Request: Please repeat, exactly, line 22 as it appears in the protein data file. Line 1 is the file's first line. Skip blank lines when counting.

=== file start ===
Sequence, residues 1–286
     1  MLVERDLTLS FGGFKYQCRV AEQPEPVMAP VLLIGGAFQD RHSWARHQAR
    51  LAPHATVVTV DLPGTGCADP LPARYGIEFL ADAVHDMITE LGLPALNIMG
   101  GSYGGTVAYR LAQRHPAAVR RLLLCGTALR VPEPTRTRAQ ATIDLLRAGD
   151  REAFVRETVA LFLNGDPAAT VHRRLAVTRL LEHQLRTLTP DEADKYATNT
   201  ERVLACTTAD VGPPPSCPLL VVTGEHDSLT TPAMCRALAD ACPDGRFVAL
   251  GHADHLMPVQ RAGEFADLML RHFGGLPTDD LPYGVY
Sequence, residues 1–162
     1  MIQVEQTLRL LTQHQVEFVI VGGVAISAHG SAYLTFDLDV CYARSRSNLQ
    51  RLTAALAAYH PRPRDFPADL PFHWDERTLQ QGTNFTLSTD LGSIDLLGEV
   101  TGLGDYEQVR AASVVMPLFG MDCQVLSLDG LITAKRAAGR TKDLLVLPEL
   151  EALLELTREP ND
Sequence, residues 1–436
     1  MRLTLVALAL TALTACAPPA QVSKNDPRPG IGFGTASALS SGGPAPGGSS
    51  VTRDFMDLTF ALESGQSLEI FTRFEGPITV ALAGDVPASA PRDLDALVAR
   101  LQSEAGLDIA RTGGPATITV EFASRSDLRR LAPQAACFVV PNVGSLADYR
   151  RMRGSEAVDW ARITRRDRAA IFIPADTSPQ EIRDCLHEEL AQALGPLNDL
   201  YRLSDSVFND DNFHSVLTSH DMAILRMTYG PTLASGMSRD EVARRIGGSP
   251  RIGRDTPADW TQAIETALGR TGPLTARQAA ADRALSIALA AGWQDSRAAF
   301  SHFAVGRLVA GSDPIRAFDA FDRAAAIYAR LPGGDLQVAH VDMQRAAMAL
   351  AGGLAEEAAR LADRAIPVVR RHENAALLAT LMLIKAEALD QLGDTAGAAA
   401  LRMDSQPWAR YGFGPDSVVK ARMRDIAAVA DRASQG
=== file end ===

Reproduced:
   401  LRMDSQPWAR YGFGPDSVVK ARMRDIAAVA DRASQG